In the field of civil procedure, the author hopes that new impetus will be given the movement in favor of the execution of foreign judgments without re-examination on the merits (p. 18). Speaking generally, our own system raises only the questions of jurisdiction and fraud, yet the necessity of bringing a new action, coupled with the complex requirements of our statutes in the way of certification of the record, makes the execution of foreign judgments with us, as it frequently is in Europe, an illusory remedy. The author pleads in fact for a simplification of the methods of proof of all foreign records and documents and in this he truly strikes a responsive chord in the breast of the American practitioner. The requirements of our own statutes are so complicated as to be almost prohibitive. The very forms of administration in the foreign
state often do not permit of compliance. Relief may some day come through local legislation, but such reforms more often wait upon the inducement of reciprocity involved in regulation by international convention.
ARTHUR K. KUHN.
Die Gleichheit der Staaten. By Max Huber.
By Max Huber. Stuttgart: Verlag von
Ferdinand Enke. pp. 88-118. This pamphlet is a reprint of an article by Professor Huber, of the University of Zürich, which appeared in Juristische Festgabe des Auslandes zu Josef Kohlers, 60. Geburtstag, issued by Dr. F. Berolzheimer.
The article is divided into three parts, in the first of which Professor Huber discusses the events in the First and Second Hague Conferences by which the doctrine of the equality of states was brought into question. The various proposals leading to the erection of an International Prize Court and to the declaration in favor of a Court of Arbitral Justice are discussed, as well as the method of organizing the conferences themselves. The treatment in Part I is descriptive rather than critical, and is intended only as an introduction to Parts II and III.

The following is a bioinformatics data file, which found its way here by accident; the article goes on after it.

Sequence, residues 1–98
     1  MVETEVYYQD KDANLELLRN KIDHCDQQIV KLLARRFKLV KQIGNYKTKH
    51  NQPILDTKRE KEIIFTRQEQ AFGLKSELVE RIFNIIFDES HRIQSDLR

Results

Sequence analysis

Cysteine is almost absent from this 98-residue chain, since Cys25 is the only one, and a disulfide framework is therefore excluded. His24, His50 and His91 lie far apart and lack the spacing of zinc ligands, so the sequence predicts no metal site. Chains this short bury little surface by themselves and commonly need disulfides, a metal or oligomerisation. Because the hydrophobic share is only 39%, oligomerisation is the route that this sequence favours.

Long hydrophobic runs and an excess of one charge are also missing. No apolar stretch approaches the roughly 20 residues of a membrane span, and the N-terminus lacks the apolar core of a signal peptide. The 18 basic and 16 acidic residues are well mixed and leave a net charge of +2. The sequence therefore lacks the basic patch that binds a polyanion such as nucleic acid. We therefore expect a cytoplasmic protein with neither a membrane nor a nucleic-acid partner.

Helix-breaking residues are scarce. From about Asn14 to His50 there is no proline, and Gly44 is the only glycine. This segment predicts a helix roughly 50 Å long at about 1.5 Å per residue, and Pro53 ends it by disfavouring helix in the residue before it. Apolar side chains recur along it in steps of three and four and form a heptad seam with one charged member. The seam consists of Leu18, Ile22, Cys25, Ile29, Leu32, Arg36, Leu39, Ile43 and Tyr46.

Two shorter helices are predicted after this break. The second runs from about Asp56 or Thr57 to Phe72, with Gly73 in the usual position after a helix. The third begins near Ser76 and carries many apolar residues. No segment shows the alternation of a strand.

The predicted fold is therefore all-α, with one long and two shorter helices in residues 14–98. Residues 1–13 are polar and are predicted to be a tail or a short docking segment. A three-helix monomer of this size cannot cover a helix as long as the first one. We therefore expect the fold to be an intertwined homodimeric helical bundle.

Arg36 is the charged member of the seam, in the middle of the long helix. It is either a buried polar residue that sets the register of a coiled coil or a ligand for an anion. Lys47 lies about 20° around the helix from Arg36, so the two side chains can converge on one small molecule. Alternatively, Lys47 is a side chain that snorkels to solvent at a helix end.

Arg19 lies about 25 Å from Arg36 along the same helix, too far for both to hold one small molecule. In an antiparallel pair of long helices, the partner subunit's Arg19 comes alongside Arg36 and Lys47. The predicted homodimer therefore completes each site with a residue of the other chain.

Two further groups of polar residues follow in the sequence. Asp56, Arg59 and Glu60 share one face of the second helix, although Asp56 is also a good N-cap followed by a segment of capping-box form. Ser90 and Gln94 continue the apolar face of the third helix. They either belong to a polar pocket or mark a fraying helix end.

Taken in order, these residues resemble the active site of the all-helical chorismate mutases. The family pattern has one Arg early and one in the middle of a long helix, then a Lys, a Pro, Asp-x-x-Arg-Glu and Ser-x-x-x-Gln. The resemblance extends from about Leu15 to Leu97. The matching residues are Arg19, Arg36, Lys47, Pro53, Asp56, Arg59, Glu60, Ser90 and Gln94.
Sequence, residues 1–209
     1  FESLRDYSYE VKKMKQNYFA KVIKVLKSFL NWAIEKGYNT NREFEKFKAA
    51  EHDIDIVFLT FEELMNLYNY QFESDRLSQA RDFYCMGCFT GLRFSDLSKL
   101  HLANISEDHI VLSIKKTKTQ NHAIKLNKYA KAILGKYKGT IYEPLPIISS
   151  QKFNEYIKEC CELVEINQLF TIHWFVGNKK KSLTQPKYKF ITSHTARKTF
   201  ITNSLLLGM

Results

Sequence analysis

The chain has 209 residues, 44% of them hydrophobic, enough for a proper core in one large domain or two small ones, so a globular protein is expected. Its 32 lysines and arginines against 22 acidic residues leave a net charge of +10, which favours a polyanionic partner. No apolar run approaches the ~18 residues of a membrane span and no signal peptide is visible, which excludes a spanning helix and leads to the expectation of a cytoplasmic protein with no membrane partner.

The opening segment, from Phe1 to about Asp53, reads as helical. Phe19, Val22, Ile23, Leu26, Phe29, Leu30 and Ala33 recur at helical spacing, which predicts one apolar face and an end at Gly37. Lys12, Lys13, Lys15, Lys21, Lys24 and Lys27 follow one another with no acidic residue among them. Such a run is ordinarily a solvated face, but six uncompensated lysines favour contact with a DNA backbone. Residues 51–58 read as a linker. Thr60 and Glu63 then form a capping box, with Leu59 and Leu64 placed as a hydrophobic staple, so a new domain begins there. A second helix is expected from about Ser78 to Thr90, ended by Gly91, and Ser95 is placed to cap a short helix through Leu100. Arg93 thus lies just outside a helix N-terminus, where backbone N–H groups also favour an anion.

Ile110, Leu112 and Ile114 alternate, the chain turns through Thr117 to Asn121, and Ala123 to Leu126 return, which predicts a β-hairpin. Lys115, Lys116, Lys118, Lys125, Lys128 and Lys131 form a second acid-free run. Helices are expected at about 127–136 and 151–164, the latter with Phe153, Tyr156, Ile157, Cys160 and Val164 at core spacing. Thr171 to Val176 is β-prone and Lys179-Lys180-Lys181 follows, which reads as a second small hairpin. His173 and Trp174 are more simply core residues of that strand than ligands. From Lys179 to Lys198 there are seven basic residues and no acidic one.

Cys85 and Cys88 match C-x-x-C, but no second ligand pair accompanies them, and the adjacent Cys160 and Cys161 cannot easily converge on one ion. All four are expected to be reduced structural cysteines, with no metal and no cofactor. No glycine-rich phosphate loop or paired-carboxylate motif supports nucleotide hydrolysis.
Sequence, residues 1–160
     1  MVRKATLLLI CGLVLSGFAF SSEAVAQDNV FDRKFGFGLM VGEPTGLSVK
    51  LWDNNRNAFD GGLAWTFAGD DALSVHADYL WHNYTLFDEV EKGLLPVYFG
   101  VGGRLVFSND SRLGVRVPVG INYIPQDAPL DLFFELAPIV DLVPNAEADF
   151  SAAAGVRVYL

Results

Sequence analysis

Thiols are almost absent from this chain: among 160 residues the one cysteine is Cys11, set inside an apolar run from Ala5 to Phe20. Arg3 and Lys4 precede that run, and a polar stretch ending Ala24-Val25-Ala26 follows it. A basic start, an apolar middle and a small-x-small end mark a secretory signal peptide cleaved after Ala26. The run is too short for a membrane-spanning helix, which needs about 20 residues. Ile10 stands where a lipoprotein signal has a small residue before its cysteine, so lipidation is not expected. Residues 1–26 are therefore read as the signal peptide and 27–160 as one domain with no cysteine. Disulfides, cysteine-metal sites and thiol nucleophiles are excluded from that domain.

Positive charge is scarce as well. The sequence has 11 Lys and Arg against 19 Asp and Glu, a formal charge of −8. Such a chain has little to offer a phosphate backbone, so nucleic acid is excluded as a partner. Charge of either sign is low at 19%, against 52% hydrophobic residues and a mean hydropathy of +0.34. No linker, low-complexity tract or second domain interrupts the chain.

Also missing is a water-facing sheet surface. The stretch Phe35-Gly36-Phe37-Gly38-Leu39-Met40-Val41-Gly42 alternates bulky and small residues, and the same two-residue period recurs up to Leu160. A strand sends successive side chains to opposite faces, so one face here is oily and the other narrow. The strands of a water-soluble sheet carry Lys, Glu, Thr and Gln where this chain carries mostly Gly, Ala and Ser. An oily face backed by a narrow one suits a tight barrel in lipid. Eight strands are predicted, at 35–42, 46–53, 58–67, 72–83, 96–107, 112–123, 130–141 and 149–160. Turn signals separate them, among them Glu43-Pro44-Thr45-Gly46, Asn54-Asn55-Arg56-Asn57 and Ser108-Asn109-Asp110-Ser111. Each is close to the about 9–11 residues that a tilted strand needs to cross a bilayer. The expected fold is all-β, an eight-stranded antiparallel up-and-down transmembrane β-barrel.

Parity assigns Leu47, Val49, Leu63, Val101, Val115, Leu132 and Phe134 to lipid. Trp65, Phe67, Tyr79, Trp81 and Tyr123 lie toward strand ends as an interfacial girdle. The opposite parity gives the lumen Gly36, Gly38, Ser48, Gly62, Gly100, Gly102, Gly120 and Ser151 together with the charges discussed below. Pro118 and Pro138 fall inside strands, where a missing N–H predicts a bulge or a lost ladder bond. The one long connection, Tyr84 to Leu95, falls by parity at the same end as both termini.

Part II answers in the affirmative the question, Is the equality of states a fundamental doctrine of international law ? Professor Huber excludes from consideration all cases of so-called “half-sovereignty;' treaties in which concrete matters affecting only the signatory powers are involved; cases in which, by treaty, powers are delegated to individual inembers of an administrative union; and ancient distinctions of rank among states.
The concert of the great powers is discussed at length, with the conclusion that it not only lacks legal unity, but is not a politically homogeneous group. “ The concert of the great powers,” he says, “is much less an institution which stands in opposition to the minor powers, than it is an institution for adjusting the divergent interests of the great powers."
It is denied that the lesser powers have ever recognized the legal superiority of the great powers. Apparent violations of the principle of equality are explained on the ground that an independent state except in case of war acts voluntarily when it accedes to the wishes of another state. This is an academic conclusion that is far from convincing.
Among writers on international law mentioned by Professor Auber, he finds almost unanimous support for the principle of equality, and therefore asserts that “practise and doctrine agree that a legal differentiation of states and a legal begemony of great powers do not exist."
In Part III, the author gives his conception of the meaning of equality, and its place in a system of international law. “ Equality does not mean equality in actual possessions, or equality of influence * but merely legal equality, equality in respect to international rights and duties.” A system of “relative” equality is declared to be impracticable. “A classification of all states, or only of the minor powers, according to a general standard, that is, according to a system of relative equality, would be opposed not only on account of the consequent violation of absolute equality, but still more on account of the arbitrary character of every attempt to discriminate between states."